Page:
Study: Facebook Ads Can Help Track Local HPV Vaccination Rates

September 4, 2014 in News

Facebook is an effective way to estimate variations in human papillomavirus vaccinations among populations at the local level, according to a new study published in the Journal of Medical Internet Research, Health Data Management reports.

In the study, University of Minnesota researchers said that local-level data often are unavailable because of “small sample sizes, confidentiality concerns and cost.”

Details of Study

The researchers designed the study to assess whether targeted social media advertising campaigns, recruitment strategies and online surveys could provide data on local geographic regions (Slabodkin, Health Data Management, 9/2).

For the study, they recruited participants between November 2012 and January 2013 using targeted Facebook advertisements to participate in an online survey about HPV vaccination rates.

Participants were individuals between the ages of 18 and 30 who were living within a 25-mile radius of Minneapolis.

According to the study, 1,003 of the 2,079 individuals who responded to the ads completed the survey. The average advertising cost per completed survey was $1.36.

The researchers noted that 90.6% of the study respondents who provided their postal code information lived within the previously defined geographic study area.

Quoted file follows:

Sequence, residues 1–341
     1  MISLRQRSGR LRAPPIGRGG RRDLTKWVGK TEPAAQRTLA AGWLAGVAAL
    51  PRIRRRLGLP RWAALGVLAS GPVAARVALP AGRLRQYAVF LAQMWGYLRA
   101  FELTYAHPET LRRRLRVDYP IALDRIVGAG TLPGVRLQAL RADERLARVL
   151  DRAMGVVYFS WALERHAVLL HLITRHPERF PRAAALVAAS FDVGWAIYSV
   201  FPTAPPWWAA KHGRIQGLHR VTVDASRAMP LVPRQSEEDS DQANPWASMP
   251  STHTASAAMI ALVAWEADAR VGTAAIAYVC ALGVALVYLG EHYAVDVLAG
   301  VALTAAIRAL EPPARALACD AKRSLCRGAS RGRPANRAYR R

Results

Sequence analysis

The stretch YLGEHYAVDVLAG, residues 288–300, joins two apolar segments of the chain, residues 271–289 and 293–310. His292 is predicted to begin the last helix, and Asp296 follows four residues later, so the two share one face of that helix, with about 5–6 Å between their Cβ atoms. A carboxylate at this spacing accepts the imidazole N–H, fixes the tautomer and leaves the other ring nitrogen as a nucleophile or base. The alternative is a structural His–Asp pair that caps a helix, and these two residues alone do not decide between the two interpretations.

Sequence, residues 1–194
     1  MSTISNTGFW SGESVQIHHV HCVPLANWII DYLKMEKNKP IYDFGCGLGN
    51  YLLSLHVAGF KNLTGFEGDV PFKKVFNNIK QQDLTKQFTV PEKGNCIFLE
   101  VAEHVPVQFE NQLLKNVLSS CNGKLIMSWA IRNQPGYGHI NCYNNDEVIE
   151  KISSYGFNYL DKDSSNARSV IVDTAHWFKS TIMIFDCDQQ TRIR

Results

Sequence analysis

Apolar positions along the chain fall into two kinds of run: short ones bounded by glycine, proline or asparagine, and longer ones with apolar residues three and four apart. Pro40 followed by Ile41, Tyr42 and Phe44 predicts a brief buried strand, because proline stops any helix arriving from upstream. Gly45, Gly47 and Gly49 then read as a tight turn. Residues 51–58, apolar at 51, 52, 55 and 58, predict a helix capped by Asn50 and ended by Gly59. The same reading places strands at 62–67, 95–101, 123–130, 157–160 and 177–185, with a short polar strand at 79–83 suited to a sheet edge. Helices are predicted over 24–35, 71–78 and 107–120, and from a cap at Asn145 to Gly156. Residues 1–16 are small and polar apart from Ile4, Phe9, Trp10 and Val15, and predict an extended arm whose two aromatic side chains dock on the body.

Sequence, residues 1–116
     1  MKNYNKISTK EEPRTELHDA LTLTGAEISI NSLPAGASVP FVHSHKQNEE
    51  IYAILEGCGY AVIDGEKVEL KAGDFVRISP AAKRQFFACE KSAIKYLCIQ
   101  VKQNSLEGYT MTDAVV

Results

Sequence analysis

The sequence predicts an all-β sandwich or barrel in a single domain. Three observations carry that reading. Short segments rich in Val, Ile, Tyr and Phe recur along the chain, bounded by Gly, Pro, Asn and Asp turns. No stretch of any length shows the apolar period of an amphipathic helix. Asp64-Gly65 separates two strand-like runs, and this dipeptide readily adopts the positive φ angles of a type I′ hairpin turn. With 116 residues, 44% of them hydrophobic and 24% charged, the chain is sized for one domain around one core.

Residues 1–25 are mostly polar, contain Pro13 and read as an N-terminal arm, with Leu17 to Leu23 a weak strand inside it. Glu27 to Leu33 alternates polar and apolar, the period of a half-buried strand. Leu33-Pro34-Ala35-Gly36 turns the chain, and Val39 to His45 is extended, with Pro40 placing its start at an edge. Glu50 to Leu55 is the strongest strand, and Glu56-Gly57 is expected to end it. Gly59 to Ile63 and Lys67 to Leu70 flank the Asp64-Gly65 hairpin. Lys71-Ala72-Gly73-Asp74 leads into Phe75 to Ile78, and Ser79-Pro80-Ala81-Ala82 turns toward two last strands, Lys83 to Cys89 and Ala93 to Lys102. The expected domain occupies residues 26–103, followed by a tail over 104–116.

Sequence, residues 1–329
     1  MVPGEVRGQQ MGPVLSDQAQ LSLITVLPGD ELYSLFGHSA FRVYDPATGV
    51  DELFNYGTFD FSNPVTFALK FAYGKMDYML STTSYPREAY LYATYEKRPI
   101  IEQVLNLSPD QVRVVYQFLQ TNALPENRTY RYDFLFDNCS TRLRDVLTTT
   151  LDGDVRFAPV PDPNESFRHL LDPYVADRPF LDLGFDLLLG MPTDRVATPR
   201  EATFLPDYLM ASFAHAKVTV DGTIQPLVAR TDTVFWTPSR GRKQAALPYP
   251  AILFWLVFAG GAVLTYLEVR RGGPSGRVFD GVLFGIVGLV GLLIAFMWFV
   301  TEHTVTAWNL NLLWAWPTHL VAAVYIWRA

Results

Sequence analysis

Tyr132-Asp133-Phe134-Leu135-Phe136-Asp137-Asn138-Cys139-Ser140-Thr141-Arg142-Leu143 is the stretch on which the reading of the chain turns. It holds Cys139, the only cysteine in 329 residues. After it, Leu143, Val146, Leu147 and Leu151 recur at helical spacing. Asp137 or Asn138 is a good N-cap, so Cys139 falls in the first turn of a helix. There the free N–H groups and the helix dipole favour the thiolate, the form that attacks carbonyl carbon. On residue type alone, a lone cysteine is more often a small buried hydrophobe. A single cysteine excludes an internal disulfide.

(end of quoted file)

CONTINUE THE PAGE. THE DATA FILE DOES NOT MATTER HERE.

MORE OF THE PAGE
Study Findings

The study found that:

  • 13% of male respondents reported obtaining at least one dose of the HPV vaccine; and
  • 65.6% of female respondents reported obtaining at least one dose of the HPV vaccine.

By comparison:

  • State data estimated that 53.8% of young women in Minnesota and 20.8% of young men in Minnesota reported obtaining at least one dose of the vaccine (Pedulli, Clinical Innovation Technology, 9/3); and
  • National data estimated that 34.5% of women and 2.3% of men obtained at least one dose.

The researchers said the findings indicate “that recruiting a representative sample of young men and women based on county and postal code location to complete a survey on HPV vaccination uptake via the Internet is a cost-effective and feasible strategy.”

They added that the study also “highlights the need for local estimates to assess the variation in HPV vaccine uptake, as these estimates differ considerably from those obtained using survey data that are aggregated to the state or federal level” (Health Data Management, 9/2).

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